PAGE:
DeGhett and Van Houstryve use the photograph to show how digital technology has enhanced hurt among different societies. It comes with different sides of the story, has the manipulating ability, and tries to say something different. In America, the explicit war photos are censored to be viewed by the public, as explained by Torie Rose DeGhett in her article “the war photo no one would publish.” DeGhett draws her argument on the Gulf War photo that the American press refused to publish (DeGhett). She points further that the American public should not view any war graphic content occurring in the world. Through this scenario, even with the presence of digital technology, citizens will be hurt. Calculating the consequences of the photographs’ absence is not easy. From the Houtryves’ article, the photographer bought a drone of his own, consisting of a mounted high-resolution camera that traveled across the US. Also, he flew his drones to a less lethal effect like oil fields, the US-Mexico border, and prisons. Tomas also got a lot of reactions after flowing his drone in public places which had experienced foreign drone strike reports like funerals, weddings, and religious schools. At the start of the Gulf War, the Pentagon accessed policies drawing press restrictions used in the 1980s in the US wars in Panama and Grenada. Kenneth Jarecke had decided to be a professional photographer during Operation Desert Storm, which started in mid-January 1991 (DeGhett). But as Saddam Hussein invaded Kuwait in August 1990, Kenneth’s desire for photojournalism in the Desert Shield began to reduce. This indicates that new digital solutions have made certain societies hate other societies without all pertinent sense. The people of Saudi Arabia would believe that they have more qualified photographers within their country and no outsider should come to photograph them.
Nick Paumgarten and DeGhett use cameras as photographing devices depicting how they have received unnecessary praises. In Paumgarten’s article, he describes GoPro Company sponsored Aaron to use their cameras to make videos. On a particular day, he was accelerating a mountain, a herd of elk appeared alongside him, but he had forgotten to turn his GoPro camera on. “He just slowed down and allowed the herd of elk to pass but described the scene as hell.” On GoPro’s initial public offering of the films, the picture of elk came into Chase’s mind. Based on Paumgarten’s point of view, the GoPro cameras are not essential to be used by society as they are considered to hurt society. From the DeGhett article, a picture of the pre-war operation of building troops and equipment in the Gulf War kept flowing in his head. January 1991 was the deadline for Iraq to withdraw from Kuwait; Kenneth pleaded with Time magazine to transfer to Saudi Arabia. After getting a chance, he packed his cameras ready for the journey, which was his first moment of the aerial bombing campaign. Troops in the field kept asking Jarecke non-essential questions without relevant reasons. Paumgarten further discusses GoPro cameras, culture, and attitude to use the product. The GoPro cameras introduce a negative stance in society, as those who use the cameras intend to go viral (Paumgarten). The GoPro filming encourages unsafe and unlawful acts, according to Paumgarten. He also claims that the GoPro camera company enables distasteful and ridiculous footage sources to produce promotional content.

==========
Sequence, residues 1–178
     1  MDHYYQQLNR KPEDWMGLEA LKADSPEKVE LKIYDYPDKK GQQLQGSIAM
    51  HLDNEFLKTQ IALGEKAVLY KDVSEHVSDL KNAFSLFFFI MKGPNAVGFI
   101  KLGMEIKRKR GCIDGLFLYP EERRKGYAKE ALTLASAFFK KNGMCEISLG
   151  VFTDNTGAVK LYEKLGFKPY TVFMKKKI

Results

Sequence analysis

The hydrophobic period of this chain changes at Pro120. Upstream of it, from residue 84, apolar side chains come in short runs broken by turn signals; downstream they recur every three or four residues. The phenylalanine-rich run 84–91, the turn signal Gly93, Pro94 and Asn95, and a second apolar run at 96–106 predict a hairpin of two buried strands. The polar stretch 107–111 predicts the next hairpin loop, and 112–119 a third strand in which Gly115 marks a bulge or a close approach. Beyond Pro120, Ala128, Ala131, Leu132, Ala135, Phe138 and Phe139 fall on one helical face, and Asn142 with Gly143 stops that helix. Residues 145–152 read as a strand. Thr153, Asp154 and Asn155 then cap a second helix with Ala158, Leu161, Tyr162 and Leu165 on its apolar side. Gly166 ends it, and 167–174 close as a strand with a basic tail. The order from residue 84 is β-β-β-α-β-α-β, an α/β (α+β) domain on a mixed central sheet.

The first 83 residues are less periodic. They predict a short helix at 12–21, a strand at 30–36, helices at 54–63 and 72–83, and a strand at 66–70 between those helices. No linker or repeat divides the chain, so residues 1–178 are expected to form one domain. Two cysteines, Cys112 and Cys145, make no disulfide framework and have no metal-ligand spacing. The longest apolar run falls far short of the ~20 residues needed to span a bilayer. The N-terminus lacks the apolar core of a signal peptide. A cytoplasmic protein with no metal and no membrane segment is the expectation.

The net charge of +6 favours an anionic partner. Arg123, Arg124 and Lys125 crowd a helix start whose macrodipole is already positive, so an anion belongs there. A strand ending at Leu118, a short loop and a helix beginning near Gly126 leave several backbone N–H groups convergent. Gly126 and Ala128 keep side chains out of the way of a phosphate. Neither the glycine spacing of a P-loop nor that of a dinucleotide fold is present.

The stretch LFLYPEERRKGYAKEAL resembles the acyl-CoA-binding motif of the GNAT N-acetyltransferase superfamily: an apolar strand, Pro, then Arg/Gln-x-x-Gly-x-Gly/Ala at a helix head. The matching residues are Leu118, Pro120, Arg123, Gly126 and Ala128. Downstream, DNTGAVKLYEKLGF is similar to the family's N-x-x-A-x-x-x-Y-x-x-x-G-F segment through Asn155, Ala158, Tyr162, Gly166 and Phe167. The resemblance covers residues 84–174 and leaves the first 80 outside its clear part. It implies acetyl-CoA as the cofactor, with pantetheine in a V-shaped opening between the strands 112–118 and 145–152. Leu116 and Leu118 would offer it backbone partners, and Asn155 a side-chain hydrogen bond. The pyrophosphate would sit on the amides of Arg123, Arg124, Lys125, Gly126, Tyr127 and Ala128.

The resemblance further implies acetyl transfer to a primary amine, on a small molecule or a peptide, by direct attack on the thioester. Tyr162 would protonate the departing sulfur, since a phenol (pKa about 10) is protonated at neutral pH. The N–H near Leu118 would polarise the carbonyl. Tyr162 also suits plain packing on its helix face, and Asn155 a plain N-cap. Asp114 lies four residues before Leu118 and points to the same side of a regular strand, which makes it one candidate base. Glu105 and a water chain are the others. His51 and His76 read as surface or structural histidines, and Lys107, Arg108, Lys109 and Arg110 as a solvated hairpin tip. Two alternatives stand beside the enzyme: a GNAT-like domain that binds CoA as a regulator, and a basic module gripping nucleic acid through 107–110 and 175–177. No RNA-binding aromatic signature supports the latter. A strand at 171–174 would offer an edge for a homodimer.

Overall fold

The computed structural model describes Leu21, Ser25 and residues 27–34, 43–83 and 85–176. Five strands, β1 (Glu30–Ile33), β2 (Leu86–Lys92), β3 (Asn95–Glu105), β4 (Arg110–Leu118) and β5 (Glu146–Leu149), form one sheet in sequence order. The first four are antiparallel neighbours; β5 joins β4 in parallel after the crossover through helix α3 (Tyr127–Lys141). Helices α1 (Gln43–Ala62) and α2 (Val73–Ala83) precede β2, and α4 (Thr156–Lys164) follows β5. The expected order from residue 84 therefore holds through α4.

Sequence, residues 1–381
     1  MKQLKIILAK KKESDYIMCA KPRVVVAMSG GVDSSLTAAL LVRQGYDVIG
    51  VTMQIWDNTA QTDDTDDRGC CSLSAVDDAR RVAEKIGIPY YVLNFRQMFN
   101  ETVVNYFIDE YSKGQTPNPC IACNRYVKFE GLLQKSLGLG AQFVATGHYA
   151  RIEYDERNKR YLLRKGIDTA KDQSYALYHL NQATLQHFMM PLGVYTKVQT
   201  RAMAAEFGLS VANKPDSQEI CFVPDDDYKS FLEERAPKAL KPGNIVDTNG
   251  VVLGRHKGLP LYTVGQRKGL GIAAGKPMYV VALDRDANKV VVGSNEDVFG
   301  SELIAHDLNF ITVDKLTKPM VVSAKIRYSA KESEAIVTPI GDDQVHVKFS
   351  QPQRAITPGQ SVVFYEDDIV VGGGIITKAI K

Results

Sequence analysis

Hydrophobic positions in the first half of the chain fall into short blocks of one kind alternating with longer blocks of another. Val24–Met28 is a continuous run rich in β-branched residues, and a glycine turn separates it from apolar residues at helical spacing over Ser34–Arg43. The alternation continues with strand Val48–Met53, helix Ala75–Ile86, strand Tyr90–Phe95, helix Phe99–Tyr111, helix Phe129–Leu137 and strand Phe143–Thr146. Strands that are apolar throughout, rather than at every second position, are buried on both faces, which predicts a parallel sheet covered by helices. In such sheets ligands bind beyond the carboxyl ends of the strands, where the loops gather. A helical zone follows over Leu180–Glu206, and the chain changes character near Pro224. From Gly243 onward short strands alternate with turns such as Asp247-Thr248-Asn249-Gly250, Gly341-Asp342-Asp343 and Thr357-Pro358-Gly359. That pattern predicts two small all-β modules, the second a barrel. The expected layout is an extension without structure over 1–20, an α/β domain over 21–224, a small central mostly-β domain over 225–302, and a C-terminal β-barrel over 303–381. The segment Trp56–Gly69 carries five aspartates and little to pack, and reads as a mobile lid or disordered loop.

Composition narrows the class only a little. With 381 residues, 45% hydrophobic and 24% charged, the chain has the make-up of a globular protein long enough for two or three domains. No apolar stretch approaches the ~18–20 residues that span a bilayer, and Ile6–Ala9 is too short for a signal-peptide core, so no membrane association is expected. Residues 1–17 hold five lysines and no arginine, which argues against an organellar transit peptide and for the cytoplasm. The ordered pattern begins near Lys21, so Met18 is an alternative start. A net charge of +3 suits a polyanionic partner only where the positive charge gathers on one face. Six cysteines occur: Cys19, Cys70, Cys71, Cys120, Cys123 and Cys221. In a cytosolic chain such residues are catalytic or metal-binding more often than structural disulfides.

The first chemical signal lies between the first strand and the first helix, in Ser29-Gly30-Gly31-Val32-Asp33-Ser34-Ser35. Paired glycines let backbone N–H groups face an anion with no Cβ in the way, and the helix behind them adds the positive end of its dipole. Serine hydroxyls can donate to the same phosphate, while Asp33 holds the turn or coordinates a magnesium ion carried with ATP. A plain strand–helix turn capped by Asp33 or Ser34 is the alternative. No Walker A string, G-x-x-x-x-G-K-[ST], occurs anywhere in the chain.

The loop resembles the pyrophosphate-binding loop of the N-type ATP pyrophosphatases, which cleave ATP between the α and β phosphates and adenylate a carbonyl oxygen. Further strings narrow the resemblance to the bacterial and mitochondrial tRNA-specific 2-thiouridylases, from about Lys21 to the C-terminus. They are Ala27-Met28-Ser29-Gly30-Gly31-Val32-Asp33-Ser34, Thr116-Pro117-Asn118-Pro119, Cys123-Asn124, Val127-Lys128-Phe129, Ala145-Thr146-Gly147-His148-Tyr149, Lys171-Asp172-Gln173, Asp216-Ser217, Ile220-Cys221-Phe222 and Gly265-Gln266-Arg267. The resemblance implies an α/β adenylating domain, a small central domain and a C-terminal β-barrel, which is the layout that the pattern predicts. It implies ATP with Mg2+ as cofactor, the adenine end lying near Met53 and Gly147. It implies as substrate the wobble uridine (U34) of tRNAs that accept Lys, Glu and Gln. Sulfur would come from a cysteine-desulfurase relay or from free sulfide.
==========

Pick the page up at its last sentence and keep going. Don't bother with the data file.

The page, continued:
Despite the new digital technology transforming different societies through its rapid advancement, it enhances hurt between other communities. In the case of drones, they are believed to be vital in surveillance, targeting, and spying. But it has been witnessed these drones have been killing people and leaving others significantly injured. Due to this, this new technology is a threat to those who get affected when the drone misbehaves. Also, the publication of the photograph is not accessible as the picture has to give the correct details of the image to be published (Paumgarten). Also, the country with new digital technology will outlook the country without the technology. Finally, the introduction of GoPro cameras within society will introduce a negative stance in the community with intentions of going spiral. In addition, GoPro films operate under unlawful and unsafe acts that may hurt society’s people.